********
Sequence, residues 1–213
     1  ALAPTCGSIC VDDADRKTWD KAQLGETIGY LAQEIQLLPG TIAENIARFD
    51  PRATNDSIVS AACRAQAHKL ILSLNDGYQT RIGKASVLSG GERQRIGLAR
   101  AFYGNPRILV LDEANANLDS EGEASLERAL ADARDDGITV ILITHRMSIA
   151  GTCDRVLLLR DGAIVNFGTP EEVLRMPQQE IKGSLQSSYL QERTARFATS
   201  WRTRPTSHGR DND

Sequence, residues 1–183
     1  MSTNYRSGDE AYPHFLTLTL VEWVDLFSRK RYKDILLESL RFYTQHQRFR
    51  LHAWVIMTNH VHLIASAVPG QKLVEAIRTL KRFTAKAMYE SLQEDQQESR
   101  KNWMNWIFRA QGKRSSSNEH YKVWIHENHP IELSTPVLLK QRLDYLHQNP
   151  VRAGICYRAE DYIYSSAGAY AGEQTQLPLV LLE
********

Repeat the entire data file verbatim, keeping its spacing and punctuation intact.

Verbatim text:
Sequence, residues 1–213
     1  ALAPTCGSIC VDDADRKTWD KAQLGETIGY LAQEIQLLPG TIAENIARFD
    51  PRATNDSIVS AACRAQAHKL ILSLNDGYQT RIGKASVLSG GERQRIGLAR
   101  AFYGNPRILV LDEANANLDS EGEASLERAL ADARDDGITV ILITHRMSIA
   151  GTCDRVLLLR DGAIVNFGTP EEVLRMPQQE IKGSLQSSYL QERTARFATS
   201  WRTRPTSHGR DND

Sequence, residues 1–183
     1  MSTNYRSGDE AYPHFLTLTL VEWVDLFSRK RYKDILLESL RFYTQHQRFR
    51  LHAWVIMTNH VHLIASAVPG QKLVEAIRTL KRFTAKAMYE SLQEDQQESR
   101  KNWMNWIFRA QGKRSSSNEH YKVWIHENHP IELSTPVLLK QRLDYLHQNP
   151  VRAGICYRAE DYIYSSAGAY AGEQTQLPLV LLE